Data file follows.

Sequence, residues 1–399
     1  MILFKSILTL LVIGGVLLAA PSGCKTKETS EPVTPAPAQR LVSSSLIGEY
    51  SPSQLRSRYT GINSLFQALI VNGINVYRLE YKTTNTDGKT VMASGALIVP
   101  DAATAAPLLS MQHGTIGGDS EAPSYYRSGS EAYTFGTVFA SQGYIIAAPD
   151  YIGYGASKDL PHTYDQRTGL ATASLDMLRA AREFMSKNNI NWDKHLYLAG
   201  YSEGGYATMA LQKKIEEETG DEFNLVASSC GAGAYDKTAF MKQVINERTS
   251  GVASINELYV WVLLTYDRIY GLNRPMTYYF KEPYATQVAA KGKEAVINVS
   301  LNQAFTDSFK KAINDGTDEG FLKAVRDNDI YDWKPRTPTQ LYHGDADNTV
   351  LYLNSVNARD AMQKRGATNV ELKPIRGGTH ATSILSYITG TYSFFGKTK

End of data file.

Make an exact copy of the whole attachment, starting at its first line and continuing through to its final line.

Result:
Sequence, residues 1–399
     1  MILFKSILTL LVIGGVLLAA PSGCKTKETS EPVTPAPAQR LVSSSLIGEY
    51  SPSQLRSRYT GINSLFQALI VNGINVYRLE YKTTNTDGKT VMASGALIVP
   101  DAATAAPLLS MQHGTIGGDS EAPSYYRSGS EAYTFGTVFA SQGYIIAAPD
   151  YIGYGASKDL PHTYDQRTGL ATASLDMLRA AREFMSKNNI NWDKHLYLAG
   201  YSEGGYATMA LQKKIEEETG DEFNLVASSC GAGAYDKTAF MKQVINERTS
   251  GVASINELYV WVLLTYDRIY GLNRPMTYYF KEPYATQVAA KGKEAVINVS
   301  LNQAFTDSFK KAINDGTDEG FLKAVRDNDI YDWKPRTPTQ LYHGDADNTV
   351  LYLNSVNARD AMQKRGATNV ELKPIRGGTH ATSILSYITG TYSFFGKTK